Yesterday I made my first trip to Daventry in Northamptonshire. I travelled via train to the village of Long Buckby where I took a bus through 5 miles of beautiful fields to this historic market town. The landscape photo is blurry as the driver fancied himself as Nigel Mansell.
Daventry is famous for radio communication. Peter Pendleton Eckersley, cousin to Aldous Huxley, was the broadcasting pioneer who arranged for the world’s first long wave transmitting station to be positioned on Borough Hill in 1925. In this centralised location almost the entire population of the UK could tune into the wireless to hear its regular opening gambit “Daventry calling!”.
In 1935 another pioneer, Robert Watson-Watt, successfully proved that RADAR (Radio Detection and Ranging) could be used to detect incoming aircraft. His Daventry experimental work ultimately saved Britain from invasion during World War II as is detailed in the 2014 BBC drama “Castles in the Sky” starring Eddie Izzard.
Above is The Burton Memorial erected in the Market Square in 1907 in memory of Town Clerk, Edmund Charles Burton. The water spout was broken and someone had dumped a ball of used tissues in the font.
The small museum is free and the best exhibit in my opinion was this unassuming Hoover which picked up radio music, a side effect of all the nearby broadcasting activity. Apparently it was common for residents to tune into “Daventry 5XX” via their vacuum cleaners and toasters.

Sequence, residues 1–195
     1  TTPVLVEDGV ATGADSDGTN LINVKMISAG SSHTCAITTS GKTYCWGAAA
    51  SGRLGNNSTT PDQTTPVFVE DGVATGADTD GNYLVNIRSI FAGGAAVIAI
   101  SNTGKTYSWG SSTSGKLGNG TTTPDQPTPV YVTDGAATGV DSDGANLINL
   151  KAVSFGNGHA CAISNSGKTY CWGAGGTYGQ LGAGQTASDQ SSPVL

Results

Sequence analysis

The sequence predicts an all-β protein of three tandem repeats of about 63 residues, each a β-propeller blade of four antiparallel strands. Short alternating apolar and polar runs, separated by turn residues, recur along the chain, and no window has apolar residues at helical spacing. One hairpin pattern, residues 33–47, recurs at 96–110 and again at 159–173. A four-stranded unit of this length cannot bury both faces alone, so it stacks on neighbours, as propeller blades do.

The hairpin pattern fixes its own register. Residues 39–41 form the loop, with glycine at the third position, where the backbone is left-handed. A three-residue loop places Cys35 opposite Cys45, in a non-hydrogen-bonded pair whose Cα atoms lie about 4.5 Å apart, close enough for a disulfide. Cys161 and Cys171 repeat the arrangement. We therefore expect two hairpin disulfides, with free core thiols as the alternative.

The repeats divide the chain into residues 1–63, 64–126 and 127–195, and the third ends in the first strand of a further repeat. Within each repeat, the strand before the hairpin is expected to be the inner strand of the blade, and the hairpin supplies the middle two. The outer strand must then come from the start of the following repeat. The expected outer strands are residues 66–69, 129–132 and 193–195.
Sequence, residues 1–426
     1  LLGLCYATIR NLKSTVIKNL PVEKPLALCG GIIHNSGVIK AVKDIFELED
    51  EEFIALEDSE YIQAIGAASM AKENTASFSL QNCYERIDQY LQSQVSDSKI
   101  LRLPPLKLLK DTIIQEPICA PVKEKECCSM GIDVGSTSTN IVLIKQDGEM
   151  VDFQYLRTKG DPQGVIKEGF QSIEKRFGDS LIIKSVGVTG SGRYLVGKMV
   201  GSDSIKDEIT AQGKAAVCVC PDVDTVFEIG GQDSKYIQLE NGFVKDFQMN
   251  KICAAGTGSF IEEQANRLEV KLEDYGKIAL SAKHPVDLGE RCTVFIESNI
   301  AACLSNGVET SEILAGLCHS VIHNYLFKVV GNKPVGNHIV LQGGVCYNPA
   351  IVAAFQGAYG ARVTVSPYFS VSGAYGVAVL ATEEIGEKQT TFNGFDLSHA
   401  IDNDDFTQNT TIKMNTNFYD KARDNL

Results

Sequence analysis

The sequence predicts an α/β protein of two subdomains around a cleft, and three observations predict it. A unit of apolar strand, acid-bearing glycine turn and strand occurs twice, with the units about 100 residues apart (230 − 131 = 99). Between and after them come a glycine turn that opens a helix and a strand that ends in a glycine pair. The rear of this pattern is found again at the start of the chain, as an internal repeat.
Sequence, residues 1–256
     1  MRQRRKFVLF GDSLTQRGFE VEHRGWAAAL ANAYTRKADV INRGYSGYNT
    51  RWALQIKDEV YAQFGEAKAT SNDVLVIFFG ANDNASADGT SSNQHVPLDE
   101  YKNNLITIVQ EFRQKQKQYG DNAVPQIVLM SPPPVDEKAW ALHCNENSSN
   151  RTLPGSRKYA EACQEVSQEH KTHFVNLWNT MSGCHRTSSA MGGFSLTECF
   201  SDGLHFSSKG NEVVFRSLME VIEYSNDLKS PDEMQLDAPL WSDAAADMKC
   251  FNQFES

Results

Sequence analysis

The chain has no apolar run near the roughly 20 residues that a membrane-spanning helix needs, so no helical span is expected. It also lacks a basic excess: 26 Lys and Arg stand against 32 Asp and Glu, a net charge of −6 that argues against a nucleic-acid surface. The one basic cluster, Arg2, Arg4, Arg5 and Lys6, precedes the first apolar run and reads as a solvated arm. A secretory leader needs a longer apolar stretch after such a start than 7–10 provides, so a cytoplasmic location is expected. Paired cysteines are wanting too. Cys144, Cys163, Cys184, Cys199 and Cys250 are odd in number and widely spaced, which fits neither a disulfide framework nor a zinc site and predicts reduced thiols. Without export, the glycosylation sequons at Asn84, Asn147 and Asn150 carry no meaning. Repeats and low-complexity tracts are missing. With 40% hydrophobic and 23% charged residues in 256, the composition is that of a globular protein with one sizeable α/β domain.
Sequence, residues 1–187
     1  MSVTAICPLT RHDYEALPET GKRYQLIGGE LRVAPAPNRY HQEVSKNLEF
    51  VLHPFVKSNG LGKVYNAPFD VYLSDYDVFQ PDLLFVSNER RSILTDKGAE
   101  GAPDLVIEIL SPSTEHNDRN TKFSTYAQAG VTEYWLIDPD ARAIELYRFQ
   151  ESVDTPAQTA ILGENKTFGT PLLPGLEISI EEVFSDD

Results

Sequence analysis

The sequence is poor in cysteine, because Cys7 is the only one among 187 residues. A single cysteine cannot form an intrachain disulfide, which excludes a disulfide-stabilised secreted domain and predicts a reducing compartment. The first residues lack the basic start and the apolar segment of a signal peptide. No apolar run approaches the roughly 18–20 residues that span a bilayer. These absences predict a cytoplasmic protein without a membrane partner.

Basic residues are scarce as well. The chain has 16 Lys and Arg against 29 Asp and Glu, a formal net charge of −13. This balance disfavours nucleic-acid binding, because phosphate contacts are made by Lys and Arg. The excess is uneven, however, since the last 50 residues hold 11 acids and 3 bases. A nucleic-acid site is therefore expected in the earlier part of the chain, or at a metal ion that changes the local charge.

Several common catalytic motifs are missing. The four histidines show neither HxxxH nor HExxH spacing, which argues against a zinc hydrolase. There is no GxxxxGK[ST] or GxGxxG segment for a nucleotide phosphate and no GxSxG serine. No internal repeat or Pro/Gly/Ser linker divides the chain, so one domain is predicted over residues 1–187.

Despite it being market day, it was very quiet during my visit. There was a cannabis aroma around the bus station and 16 year old lads avoiding work or education were utilising the recently created skateboard park.
One lucky charity retail outlet had been graced with a selection of Cliff Richard memorabilia including these salt and pepper pots. A classy addition for any dining table. Just not mine.
It is always one of life’s great disappointments for me when a wrought iron church door is locked outside of functioning hours. I found the only 18th century built church in Northamptonshire, The Holy Cross, bolted.
Still, I enjoyed the accompanying celtic gravestones and watching this timid ginger cat who would not allow me to get any closer.
Moot Hall is a grade II listed building built in 1769 which began as a private house. Since that time has been a courtroom with holding cells, a women’s prison, an eclectic shopping space and an Indian restaurant. It was shut up during my visit and so I have no clue what it is now used for.
There are no vegan friendly eateries advertised here nevertheless, Daventry has a large impressive health shop. I was given a taster of raw vegan chocolate cake as I entered and I left with a simple bean salad. A pudding before lunch type scenario. www.sheafstreethealthstore.com.